Democratic Senator Dianne Feinstein introduced legislation on Wednesday that would ban “bump stocks” — devices that enable a gunman to fire bullets rapidly, turning semi-automatic weapons into automatic, CNN reported. Twelve of the rifles found in the hotel room of Stephen Paddock, the gunman in the mass shooting in Las Vegas, were modified with bump stocks, according to the New York Times.
"Bump stocks, which cost less than $200, increase a semi-automatic rifle's rate of fire from between 45 and 60 rounds per minute to between 400 and 800 rounds per minute, that's the same rate of fire as automatic weapons," Feinstein said at a press conference. "And the only reason to modify a gun is to kill as many people as possible in as short a time as possible."
She went on to explain that the United States has strict laws on automatic weapons, including a provision to the Firearm Owners' Protection Act from 1986 that bars any new automatic weapons from civilians. However, bump stocks being available to the public completely circumvents these regulations.
Feinstein's bill, which currently has 26 co-sponsors, would ban the sale, transfer, and importation of stock bumps. It would also "ban manufacturing or possession of accessories that accelerate a semi-automatic rifle's rate of fire to that of an automatic weapon." Those who violate the law would be treated as if they were in possession of an automatic weapon, Feinstein said.
She mentioned this legislation was part of the last assault weapons bill she co-sponsored with Connecticut Sen. Chris Murphy in 2013. Murphy held office during the Sandy Hook Elementary massacre in 2012. The bill was defeated in the Senate. But, this time, Feinstein, joined by Sen. Richard Blumenthal and Sen. Bernie Sanders, doesn't see this as a conflict between Republicans and Democrats. "Closing this loophole actually should not be a partisan or political issue," she said. "There's been broad agreement for decades that automatic weapons should not be legal."
In fact, Fox News contributor, Marc Thiessen, tweeted on Wednesday that NRA members he follows were in favor of Feinstein's proposed ban, and he called on Republicans in Congress to show their support. "My twitter feed is filled with NRA members saying they agree on bump stock ban," he wrote. "Time for Congressional Republicans to lead on this."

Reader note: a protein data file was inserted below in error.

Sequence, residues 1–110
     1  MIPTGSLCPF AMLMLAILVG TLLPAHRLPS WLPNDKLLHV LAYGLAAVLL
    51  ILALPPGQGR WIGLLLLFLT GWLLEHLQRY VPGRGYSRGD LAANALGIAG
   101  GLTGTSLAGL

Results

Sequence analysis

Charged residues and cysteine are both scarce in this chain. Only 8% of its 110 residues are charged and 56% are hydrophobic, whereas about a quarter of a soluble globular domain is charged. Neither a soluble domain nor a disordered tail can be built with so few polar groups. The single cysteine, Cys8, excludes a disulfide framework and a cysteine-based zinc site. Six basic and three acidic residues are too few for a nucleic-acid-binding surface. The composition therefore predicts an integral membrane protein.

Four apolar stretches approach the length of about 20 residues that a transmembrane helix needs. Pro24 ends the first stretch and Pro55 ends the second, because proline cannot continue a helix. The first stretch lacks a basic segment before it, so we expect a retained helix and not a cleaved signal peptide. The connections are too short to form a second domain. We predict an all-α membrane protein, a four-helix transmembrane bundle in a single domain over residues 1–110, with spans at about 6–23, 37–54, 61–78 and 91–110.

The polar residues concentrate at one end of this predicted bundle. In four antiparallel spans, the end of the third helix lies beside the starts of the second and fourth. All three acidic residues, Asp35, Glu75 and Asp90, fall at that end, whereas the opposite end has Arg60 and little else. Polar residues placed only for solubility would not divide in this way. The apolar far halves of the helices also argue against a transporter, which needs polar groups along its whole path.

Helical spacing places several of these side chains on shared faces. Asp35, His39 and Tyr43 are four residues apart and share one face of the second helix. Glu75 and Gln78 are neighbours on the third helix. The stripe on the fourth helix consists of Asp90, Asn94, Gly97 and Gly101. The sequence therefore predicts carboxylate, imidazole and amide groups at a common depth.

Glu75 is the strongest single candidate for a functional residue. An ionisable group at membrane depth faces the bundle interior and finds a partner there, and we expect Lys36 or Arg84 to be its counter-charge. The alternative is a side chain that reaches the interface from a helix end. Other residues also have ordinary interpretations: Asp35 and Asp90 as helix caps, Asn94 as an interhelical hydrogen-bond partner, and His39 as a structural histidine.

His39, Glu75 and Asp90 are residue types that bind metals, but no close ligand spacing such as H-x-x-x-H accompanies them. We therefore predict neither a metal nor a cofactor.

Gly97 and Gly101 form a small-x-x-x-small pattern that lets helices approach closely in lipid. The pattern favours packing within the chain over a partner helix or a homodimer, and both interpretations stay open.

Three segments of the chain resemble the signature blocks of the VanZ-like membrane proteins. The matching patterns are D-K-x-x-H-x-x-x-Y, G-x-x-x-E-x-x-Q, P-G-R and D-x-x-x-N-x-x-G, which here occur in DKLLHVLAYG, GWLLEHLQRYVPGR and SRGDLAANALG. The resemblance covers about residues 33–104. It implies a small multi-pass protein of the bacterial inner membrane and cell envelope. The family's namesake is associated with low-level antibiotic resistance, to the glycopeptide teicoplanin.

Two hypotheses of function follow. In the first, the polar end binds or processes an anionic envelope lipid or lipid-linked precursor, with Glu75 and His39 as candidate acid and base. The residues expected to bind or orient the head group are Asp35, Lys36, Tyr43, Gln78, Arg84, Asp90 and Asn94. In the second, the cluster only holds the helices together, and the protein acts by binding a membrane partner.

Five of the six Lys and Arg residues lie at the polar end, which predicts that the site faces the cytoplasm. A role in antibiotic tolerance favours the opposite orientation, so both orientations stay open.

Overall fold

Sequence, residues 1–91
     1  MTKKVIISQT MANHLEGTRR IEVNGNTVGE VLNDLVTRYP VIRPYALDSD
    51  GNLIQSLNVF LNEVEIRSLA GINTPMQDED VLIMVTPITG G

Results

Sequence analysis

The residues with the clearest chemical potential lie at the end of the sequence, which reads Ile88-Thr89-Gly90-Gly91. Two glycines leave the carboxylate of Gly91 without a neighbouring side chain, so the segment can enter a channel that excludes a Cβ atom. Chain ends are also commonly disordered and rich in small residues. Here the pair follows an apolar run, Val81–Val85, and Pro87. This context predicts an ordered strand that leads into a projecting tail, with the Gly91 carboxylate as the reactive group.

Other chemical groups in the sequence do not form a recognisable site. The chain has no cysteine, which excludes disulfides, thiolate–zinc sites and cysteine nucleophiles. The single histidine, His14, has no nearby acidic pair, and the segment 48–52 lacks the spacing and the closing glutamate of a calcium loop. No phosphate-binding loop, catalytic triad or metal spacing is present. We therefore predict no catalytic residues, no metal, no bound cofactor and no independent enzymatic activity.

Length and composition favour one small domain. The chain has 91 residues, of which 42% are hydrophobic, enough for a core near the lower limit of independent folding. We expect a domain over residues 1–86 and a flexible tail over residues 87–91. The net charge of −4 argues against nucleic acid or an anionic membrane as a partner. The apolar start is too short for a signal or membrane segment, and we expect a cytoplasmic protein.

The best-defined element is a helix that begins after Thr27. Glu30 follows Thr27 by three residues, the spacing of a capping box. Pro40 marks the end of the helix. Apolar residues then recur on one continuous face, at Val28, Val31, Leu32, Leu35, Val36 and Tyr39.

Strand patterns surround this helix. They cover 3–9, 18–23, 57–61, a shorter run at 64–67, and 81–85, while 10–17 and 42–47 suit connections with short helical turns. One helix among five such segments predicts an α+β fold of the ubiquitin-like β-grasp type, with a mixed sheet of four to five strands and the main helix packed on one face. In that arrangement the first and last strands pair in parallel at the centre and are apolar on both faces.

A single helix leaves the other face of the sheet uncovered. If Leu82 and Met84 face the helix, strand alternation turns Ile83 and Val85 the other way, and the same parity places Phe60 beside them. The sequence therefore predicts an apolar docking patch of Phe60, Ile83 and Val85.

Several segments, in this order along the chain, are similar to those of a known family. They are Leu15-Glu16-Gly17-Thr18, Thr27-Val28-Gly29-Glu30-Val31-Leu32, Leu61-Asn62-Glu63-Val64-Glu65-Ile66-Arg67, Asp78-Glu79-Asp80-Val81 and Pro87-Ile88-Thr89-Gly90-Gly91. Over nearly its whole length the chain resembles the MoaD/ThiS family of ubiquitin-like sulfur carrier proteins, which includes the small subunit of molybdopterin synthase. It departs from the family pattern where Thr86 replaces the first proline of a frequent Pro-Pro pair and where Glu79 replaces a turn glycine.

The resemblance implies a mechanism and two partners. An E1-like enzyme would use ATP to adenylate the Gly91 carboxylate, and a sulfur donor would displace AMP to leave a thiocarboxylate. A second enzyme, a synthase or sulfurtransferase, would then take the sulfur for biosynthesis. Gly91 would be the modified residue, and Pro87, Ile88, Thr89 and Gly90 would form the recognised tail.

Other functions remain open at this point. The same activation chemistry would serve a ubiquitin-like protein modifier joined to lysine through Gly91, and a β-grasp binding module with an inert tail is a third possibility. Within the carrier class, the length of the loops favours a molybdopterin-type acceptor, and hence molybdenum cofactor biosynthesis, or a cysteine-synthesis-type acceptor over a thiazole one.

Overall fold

The Trump administration's refrain since the mass shooting has been that now is not the time to discuss gun regulation. “There will certainly be a time for that policy discussion to take place, but that’s not the place that we’re in at this moment," White House press secretary Sarah Huckabee Sanders said on Monday, the Washington Post reported.
"When is the time going to be there?" Feinstein asked at the press conference. “There is no better way to honor the 59 people who were slaughtered than to take action to prevent this from happening yet again. If not, when will we ever do it?"
This latest mass shooting is the second of it's kind in less than two years. Last June, 49 people were killed and 53 injured in a shooting at Pulse nightclub in Orlando, Florida. As of October 2, there have been 273 mass shootings so far in 2017, according to data from the Gun Violence Archive. Feinstein expressed her frustration with the government's lack of action following so many shootings of this magnitude.
"After Columbine, I thought we would act," she said. "After Virginia Tech, I thought we would act. After Tucson, when one our colleagues was shot in the head and nearly killed, I thought we would act...and particularly after Sandy Hook, when 20 first graders were slaughtered, I thought for sure we would act."
It's not uncommon for gun control legislation introduced following a mass shooting to fail. In addition to Feinstein and Murphy's unsuccessful bill in 2013 following Sandy Hook, another piece of legislation introduced following the Virginia Tech shooting ended up being heavily watered down after the input of the NRA and pro-gun lawmakers.
"I hope Senators will finally summon the political courage to stand up and say 'enough is enough,'" Feinstein concluded her address. "It is really time for action. We cannot do nothing."